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In the Basement of the Ivory Tower: Confessions of an Accidental Academic

3.24  ·  Rating Details  ·  366 Ratings  ·  102 Reviews

A caustic expose of the deeply state of our colleges-America's most expensive Ponzi scheme.

What drives a former English major with a creative writing degree, several unpublished novels, three kids, and a straining marriage to take a job as a night teacher at a second-rate college? An unaffordable mortgage.

As his house starts falling apart in every imaginable way, Profes

ebook, 288 pages
Published March 31st 2011 by Penguin Group (USA)
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(showing 1-30 of 978)
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I spend a lot of my time thinking about my education; thinking about how smart I am (or not), how educated I am (or not), in relation to others and in relation to my own expectations. I have a bachelor's degree from a fairly well-respected university, I've dabbled in graduate courses, alternate bachelor programs, both at the same university and it's little brother community college. My parents were well-educated, and I was raised to expect a college career. I sell books for a living. At a chain. ...more

The elitism of learning

When I left Romania, about eleven years ago, I decided to give up on teaching as well. After sixteen years of doing only this, it was not an easy decision to make, but I was so fed up with the corrupt system I was leaving behind that I had lost all faith in the generosity of my profession.

Of course, once a teacher always a teacher and although I’ve generally stuck to my decision and now I’m working full time in an office (finding my work interesting and challenging enough
May 26, 2011 Barbara rated it it was ok
I think there are some points here with merit, although ultimately the main argument is shaky. What really makes me roll my eyes, however, is this guy's RIDICULOUS sexism! He blames his real estate woes on an inexperienced female inspector, when he would have preferred a nice old man. He blames grade inflation on the rising number of female college professors, and thus the "feminizing" of grades. In an unintentionally hilarious anecdote about a pair of dating students in his class, he blames the ...more
There are some real problems here -- the strained analogies between his university teaching and his mortgage, the sexism he seems totally unaware that he possesses, the back-and-forth between trenchant criticism of universities and the more personal stories -- but the overall critique of the mainstreaming of college makes a lot of sense. If nothing else it was truly refreshing to hear Professor X give voice to what many college instructors (of the adjunct level or not) already know: many of thei ...more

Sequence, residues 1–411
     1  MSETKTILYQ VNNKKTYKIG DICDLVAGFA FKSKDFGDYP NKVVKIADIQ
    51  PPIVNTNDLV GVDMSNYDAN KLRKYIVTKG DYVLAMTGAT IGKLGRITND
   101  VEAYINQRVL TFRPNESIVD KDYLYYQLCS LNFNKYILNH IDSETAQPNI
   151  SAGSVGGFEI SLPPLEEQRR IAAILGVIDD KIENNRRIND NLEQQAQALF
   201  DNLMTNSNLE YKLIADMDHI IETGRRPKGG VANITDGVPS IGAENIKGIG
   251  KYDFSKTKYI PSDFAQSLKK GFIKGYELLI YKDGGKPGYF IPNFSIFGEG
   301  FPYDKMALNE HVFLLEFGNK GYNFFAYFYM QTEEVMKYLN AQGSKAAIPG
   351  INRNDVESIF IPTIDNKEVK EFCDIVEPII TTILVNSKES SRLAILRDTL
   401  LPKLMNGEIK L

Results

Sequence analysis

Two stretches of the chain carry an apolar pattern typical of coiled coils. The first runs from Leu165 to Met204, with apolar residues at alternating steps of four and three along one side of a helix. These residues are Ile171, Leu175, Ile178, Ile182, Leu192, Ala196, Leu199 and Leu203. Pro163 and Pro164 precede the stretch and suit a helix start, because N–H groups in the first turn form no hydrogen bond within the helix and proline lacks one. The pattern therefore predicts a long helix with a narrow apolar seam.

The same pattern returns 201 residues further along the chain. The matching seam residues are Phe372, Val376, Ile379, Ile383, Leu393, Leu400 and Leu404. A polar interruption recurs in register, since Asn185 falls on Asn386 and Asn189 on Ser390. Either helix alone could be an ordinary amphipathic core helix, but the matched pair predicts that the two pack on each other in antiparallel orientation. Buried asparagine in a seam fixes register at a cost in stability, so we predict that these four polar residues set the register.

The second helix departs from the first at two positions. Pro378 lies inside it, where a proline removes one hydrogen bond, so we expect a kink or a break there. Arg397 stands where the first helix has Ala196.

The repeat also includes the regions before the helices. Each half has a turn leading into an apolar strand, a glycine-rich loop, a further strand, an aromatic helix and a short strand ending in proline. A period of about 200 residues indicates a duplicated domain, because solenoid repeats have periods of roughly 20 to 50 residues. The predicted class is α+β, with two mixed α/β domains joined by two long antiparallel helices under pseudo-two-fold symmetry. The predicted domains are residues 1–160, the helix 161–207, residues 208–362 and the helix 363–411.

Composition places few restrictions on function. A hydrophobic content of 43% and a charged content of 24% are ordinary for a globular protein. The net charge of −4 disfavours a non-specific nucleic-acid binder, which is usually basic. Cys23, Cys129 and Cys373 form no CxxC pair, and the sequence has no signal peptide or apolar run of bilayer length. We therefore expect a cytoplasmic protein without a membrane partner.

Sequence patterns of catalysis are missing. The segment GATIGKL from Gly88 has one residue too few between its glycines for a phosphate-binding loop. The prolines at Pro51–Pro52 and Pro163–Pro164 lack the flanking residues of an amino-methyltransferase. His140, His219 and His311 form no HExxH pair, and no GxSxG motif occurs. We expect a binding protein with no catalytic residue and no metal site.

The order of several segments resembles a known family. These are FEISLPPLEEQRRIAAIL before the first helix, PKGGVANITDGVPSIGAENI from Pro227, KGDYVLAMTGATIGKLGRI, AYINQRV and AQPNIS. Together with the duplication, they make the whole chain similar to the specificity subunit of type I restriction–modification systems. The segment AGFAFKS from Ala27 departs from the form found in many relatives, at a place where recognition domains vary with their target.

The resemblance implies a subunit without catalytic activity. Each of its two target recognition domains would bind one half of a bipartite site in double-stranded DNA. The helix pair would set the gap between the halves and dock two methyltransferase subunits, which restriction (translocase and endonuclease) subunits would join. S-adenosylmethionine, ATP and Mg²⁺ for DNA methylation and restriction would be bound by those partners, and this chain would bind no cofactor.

Aug 23, 2011 Chuck rated it liked it  ·  review of another edition
Tenured faculty are a vanishing breed as colleges and universities strive to save money by hiring part-time faculty like "Professor X" instead. These "adjuncts" not only receive considerably lower salaries; they also live without job security and often without any benefits. They are frequently marginalized by "regular" faculty, crammed into shared office space, excluded from department meetings, and denied faculty voting privileges. Because student evaluations play a major role in determining wh ...more
Jul 25, 2016 Danielle rated it did not like it  ·  review of another edition
One major problem I have with this book is his insistence that the college English classroom remains rigid and old-fashioned. He clearly champions the works of dead white men and goes through great lengths to dismiss many female authors and all authors of color on the grounds that they, 1: Make him feel too uncomfortable to teach the subject matter, 2: Are outdated and not relevant to his students, 3: Are somehow too quaint, sentimental, or otherwise not agreeable examples of the types of litera ...more
Jun 27, 2016 Emily rated it did not like it  ·  review of another edition
Shelves: read-in-2013, review
This book both surprised and profoundly disappointed me. As an extended discussion of the writer's experiences surrounding a decade long adjunct teaching career, it effectively details a lot of the problems of academia. I strongly agree that the current university system merits heavy critique, but I also feel that the problems in the university system are symptoms of several larger social problems. The reliance on adjuncts is unethical and exploitative. Much like the growing gap between the work ...more
Jun 08, 2011 Wanda rated it liked it  ·  review of another edition
Highly readable for the most part. I think that I liked this book so well because it reflected my own experience as a professor -- and I am a full tenured professor and not an adjunct. Students' lack of basic skills and their inability to construct a coherent sentence, never mind an argument, is nothing short of astounding.
The author's thesis is that there are many students who are in community colleges who are ill prepared for college and have little chance of success because they lack the foun
Elliot Ratzman
May 22, 2012 Elliot Ratzman rated it liked it  ·  review of another edition
Recommends it for: teachers
“College isn’t for everyone” seems to be the moral of this book, based on a widely read Atlantic article. The anonymous author is an adjunct at a small-town college and a community college who teaches basic English at night. Most of his students are terrible writers and few read non-assigned books, but all have to take his course in order to jump through the hoop of some sort of degree. Prof X thinks it is a waste of these nurses, policemen, and technical workers’ time and, often, his. The book, ...more
Michael Scott
Nov 02, 2011 Michael Scott rated it really liked it  ·  review of another edition